hort.net Seasonal photo, (c) 2006 Christopher P. Lindsey, All Rights Reserved: do not copy
articles | gallery of plants | blog | tech blog | plant profiles | patents | mailing lists | top stories | links | shorturl service | tom clothier's archive0
Gallery of Plants
Tech Blog
Plant Profiles
Mailing Lists
    Search ALL lists
    Search help
    Subscription info
Top Stories
sHORTurl service
Tom Clothier's Archive
 Top Stories
New Trillium species discovered

Disease could hit Britain's trees hard

Ten of the best snowdrop cultivars

Plant protein database helps identify plant gene functions

Dendroclimatologists record history through trees

Potato beetle could be thwarted through gene manipulation

Hawaii expands coffee farm quarantine

Study explains flower petal loss

RSS story archive

CULT: Heavying Up Too Light "Soil"


I've got a raised bed for bearded irises and after Henry made it for me by 
excavating down into the gravel of the parking area at the back of my 
property and then installing treated lumber barriers I filled it with a 
commercial 100% organic mix that I have used with great success in pots for 
irises, mixed with some sand. The mix is very friable and I discover that I 
actually could use something in there to heavy it up and slow run-through of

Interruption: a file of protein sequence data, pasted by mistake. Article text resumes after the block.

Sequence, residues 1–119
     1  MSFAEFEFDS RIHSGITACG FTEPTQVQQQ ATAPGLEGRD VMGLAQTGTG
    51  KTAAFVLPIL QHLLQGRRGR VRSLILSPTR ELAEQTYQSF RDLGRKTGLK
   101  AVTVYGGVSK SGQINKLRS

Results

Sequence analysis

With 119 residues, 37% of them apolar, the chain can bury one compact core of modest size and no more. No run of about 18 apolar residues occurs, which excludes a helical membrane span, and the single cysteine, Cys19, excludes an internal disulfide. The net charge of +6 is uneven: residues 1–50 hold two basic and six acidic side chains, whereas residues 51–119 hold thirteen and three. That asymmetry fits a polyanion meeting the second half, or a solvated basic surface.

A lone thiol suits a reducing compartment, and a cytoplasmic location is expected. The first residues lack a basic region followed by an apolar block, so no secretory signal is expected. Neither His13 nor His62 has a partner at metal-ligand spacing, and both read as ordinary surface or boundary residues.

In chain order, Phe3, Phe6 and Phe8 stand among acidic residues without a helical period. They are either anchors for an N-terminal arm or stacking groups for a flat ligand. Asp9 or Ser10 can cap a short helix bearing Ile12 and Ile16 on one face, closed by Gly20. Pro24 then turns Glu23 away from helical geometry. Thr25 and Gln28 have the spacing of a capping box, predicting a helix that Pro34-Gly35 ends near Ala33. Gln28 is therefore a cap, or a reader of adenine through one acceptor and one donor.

water and whatnot. Now, compost isn't the answer since what is in there is 
basically compost. Sand isn't the answer since sand has the bizarre habit of 
both providing extreme drainage and also remaining moist. Commercial topsoil 
is a possibility and I may have to go that route although what is available 
around here in small quantity is pretty gruesome, sludgy, and of 
unmentionable origins. The local garden center has a bagged product I use a 
lot of in the garden called "Compost and Manure" and it runs on the heavy 
side, but it obviously contains manure. I could stand to score a few bushels 
of clay, but that is hardly something anyone sells around here, for sure. 
Anybody got any obscure tricks about heavying up soil with products generally 
available commercially in comparatively small quantitites?

Anner, in Virginia

Get a NextCard Visa, in 30 seconds! Apply NOW!
1. Fill in the brief application
2. Receive approval decision within 30 seconds
3. Get rates as low as 0.0% Intro APR and no annual fee!

 © 1995-2017 Mallorn Computing, Inc.All Rights Reserved.
Our Privacy Statement
Other Mailing lists | Author Index | Date Index | Subject Index | Thread Index